“My earliest paintings were in my mother’s cookbooks,” Ruth said. “I was around three years old when I scribbled some trees and a house, and my mother saved those.”
Born in Washington State, Ruth and her parents moved to Illinois, but she spent most of her youth in South Carolina. Despite her natural talent, she decided to pursue a business degree at the University of Georgia.
“I was always drawing and painting but I needed to make a living,” she said.
But after the first year there, she changed her major to art education and commercial art and was fortunate to study under the well-known Lamar Dodd (The Lamar Dodd School of Art is one of the nation’s largest university programs with more than 1,000 majors).
For two years after graduation, she taught art in high school and evening classes in adult education in Savannah. She came to Tampa in 1966 and met her late husband, Harry, at a teacher social club. He was an electrical engineer who spent 30 years as a professor at the University of Florida. They were married for 46 years before he passed away last September.
“He loved this place,” she mused.
They had heard a lot about Concordia Village of Tampa and knew several people who lived at the community. So when they made the move in November of 2017, they were prepared to enjoy the worry-free lifestyle. And the surroundings became inspiration for Ruth.
“I walk the beautiful grounds with my pet poodles, Mandy and Chardin,” Ruth said. (She has named all of her dogs after painters, including Monet and Matisse.) “And I find many interesting plants, flowers, statues, birds, buildings and small gazebos as subjects for my paintings.”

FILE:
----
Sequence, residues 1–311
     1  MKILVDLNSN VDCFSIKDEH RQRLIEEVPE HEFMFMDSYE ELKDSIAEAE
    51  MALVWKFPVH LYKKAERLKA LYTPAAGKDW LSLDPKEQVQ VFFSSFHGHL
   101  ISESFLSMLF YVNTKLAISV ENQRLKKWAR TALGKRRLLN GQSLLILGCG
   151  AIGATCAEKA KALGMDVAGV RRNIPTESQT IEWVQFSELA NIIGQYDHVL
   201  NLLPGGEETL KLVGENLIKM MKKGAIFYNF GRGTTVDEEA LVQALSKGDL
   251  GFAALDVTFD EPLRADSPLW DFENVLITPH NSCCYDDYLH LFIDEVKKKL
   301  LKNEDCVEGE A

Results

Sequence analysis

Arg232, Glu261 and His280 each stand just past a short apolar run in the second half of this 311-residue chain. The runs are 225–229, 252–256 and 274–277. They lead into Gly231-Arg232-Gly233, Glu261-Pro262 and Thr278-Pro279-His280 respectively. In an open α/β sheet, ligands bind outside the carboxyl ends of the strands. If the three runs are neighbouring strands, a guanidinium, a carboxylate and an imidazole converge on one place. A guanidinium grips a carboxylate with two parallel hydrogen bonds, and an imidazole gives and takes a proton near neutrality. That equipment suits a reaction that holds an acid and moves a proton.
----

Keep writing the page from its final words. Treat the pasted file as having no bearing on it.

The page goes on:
Her favorite creation she called “The Birdwatchers 3.” It is the only painting her husband is in and the 3 indicates that this was the third painting in a series.
Concordia Village of Tampa provides small classes in pencil and watercolors in the Art Room every Tuesday afternoon at 1 p.m. She expounded on some other opportunities Florida offers for artists.
“The Florida Watercolor Society and lots of local art clubs make this place a paradise,” she said.
Having shown her work at a gallery years ago, she still teaches at age 81.
One piece that particularly captures her attention is “Girl with a Dog,” by French impressionist painter Auguste Renoir. His loose style, natural settings and the way he handles colors have served as a model for her work.
Her daughter Debbie lives in Colorado. Son Arthur also lives in the area. Ruth also has a son who lives in Chattanooga, six grandchildren and two great grandchildren.
To learn more about this outstanding retirement community in Tampa, call us at 813-977-4950 or visit www.ConcordiaTampa.org. To request a free copy of the 2019 Concordia Calendar, “Brush Strokes,” call the Public Relations Department at 724-352-1571, ext. 8266.